Our latest work in the field of studying mimics of antifreeze proteins has been published in Nature Scientific Reports. in this paper we describe our attempts to establish a high-throughput assay to screen for Ice Recrystalisation Inhibition activity; a crucial feature in the search for new cryoprotective agents to store donor cells and organs. Here we build on previous observations that gold nanoparticle aggregation was inhibited by antifreeze proteins, but was correlated with thermal hysteresis. Here we propose a closer match to IRI activity. The assay can be conducted in 96 well plates making it far simpler than our 'splat test' which is slow and not suitable for screening. Using this assay, we observed that serum proteins have weak IRI, which is reduced upon denaturing. This lead us to study other non-antifreeze proteins for IRI, as shown in our recent Biomacromolecules paper
Read the paper here
Paper Published in ACS MacroLetters
Our latest work has been published in ACS Macroletters. This is a collaboration with Rachel O'Reillys group, and was undertaken by Lewis Blackman. Complex materials containing thermoresponsive polymers have been extensively studied. However, there are still conflicting reports on their transition temperatures and hysteresis values. Here we synthesised a range of polymeric micelles with a thermoresponsive corona. By changing the nature of the core forming block, we could vary the aggregation number (number of chains per micelle) and explore the effect of this on the responsive transitions. It was found that the actual transition temperature did not strongly vary with NAgg, but that the hysteseis was strongly affected. We hypothesise that the nature of the core (whcih was in some cases relatively hydrophilic) promoted solubilisation. Importantly, this shows that the nature of the macromolecular assembly, not just the chemical structure of the polymer, is a crucial parameter in predicting the properties of such materials
Read the paper here
Paper published in Polymer Chemistry
Or latest paper has been published in RSC Polymer Chemistry. This is a collaboration with Jon Rourke and Neil Wilson (physics). Since its discovery, a huge number of scientists (academic and industrial) have sought to investigate the applications of graphene, and its relatives carbon nanotubes. It's unique 2-D structure gives rise to intresting properties, but a key challenge lies in ensure it can be compatitablised - mixed - with other components. To acheive this polymer conjugation is a useful approach. This is normally acheived through complex multi-step procedures. Here we show that base-washed graphene oxide (an easy and scalable derivative of graphene) can be modified by RAFT-ed polymers by ring-opening of surface epoxides using the thiol-end group. This was proven using a range of high resolution analytical techniques, including solid state NMR, TEM and XPS. We beleive the simplicity of the method will enable more complex hybrid material to be developed.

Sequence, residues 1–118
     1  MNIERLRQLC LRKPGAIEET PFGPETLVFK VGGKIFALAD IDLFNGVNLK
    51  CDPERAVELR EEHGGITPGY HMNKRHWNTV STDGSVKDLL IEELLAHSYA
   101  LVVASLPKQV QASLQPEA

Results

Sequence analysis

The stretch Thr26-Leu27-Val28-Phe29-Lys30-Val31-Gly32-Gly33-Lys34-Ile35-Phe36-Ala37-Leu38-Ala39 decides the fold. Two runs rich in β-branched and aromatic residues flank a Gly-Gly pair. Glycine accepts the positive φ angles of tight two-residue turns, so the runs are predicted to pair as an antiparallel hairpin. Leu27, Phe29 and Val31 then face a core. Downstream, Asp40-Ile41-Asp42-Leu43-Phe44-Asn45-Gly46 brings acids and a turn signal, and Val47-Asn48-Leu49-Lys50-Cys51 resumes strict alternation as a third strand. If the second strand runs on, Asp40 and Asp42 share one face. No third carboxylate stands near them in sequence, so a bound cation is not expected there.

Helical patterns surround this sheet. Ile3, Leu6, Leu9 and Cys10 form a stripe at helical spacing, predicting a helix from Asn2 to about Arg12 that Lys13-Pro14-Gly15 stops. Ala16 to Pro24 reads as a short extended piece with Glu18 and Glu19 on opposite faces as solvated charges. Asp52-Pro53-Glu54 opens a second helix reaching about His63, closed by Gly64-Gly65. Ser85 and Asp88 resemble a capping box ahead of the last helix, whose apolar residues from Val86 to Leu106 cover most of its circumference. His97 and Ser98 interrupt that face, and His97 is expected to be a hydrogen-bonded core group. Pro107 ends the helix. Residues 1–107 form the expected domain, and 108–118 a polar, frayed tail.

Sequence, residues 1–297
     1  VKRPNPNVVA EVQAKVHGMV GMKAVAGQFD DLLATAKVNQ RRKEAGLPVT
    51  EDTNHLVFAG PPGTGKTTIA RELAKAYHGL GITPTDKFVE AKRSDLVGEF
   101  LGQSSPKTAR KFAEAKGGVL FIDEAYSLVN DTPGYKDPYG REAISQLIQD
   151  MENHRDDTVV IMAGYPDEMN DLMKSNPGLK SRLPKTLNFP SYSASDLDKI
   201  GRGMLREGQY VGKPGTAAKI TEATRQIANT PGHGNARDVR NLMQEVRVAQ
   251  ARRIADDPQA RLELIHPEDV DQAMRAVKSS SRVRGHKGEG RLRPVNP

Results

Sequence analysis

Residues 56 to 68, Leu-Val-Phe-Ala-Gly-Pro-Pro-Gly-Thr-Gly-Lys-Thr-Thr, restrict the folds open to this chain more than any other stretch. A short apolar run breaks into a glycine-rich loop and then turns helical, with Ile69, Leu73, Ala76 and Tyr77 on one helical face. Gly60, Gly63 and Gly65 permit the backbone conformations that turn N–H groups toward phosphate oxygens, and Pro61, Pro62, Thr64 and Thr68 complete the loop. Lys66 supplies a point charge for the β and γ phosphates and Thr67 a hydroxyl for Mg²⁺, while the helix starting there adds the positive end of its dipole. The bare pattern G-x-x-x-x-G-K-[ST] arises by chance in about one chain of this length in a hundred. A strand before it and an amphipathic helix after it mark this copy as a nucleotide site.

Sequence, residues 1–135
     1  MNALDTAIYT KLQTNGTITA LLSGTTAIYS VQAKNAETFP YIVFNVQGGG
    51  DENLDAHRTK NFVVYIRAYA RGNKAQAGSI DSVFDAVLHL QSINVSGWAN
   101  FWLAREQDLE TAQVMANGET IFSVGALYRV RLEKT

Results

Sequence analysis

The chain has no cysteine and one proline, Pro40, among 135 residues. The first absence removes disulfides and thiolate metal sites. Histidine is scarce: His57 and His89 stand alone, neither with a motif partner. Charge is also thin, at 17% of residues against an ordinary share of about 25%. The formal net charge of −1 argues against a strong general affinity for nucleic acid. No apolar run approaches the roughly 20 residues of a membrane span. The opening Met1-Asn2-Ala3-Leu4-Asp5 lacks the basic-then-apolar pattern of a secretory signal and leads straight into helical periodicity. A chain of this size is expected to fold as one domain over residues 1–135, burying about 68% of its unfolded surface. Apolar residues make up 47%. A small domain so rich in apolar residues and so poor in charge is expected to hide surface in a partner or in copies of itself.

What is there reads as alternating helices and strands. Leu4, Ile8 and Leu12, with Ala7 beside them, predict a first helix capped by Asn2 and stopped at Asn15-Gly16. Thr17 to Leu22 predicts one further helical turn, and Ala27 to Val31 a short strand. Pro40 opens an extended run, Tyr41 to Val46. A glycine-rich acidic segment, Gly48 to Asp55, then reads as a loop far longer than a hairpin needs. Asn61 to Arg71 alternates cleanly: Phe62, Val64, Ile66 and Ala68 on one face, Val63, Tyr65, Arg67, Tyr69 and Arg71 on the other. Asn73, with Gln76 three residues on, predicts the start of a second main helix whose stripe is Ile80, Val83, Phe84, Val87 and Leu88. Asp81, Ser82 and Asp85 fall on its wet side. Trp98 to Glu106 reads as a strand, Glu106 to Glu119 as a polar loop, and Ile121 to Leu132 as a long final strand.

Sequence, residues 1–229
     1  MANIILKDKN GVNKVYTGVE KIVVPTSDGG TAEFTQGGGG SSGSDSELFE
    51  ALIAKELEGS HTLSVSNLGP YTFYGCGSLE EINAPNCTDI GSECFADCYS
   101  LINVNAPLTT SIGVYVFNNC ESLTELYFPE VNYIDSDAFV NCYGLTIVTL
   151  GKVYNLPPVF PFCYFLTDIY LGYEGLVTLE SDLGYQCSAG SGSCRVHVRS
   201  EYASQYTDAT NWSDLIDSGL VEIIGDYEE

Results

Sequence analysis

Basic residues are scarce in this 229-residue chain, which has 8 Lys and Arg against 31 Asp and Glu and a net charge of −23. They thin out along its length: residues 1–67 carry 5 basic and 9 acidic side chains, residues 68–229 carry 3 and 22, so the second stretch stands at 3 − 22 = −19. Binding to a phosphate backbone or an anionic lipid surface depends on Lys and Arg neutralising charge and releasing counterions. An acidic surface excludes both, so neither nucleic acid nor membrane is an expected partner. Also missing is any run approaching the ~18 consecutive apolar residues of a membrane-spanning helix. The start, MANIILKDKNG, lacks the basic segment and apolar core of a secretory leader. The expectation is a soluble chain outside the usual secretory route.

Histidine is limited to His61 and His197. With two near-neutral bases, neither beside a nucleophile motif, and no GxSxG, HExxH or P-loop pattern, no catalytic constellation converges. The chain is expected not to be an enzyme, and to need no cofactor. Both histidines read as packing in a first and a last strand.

Read the paper here
One-step grafting of polymers to graphene oxide"
Paper Published in Biomacromolecules
Our latest work on antifreeze protein mimetic macromolecules has been published in ACS Biomacromolecules. We are seeking to understand and explain ice recystallisation inhibition - a unique property associated with antifreeze proteins which we have shown to be a useful property to enhance cryopreservation (see 2015, 51, 12977-12980 Chemical Communications or Nature Commun, 2014, 5, 3244). Few materials can produce this property. Here we built on previous observations that c-type lectins (carbohydrate binding proteins) had evolutionary relationships to AFPs, but by using non-homologous plant lectins. Interestingly, these only have activity in the presence of Ca2+, which is also required for sugar-binding, suggesting a relationship. Furthermore, we also show that a simple antibacterial peptide, Nisin A, also has ice inhibition activity, based on amphiphilicity. Whilst these were not as active as polymers we have previosly identified this provides a biological route to AFP mimetics, which offers many advantages.
Read the paper here.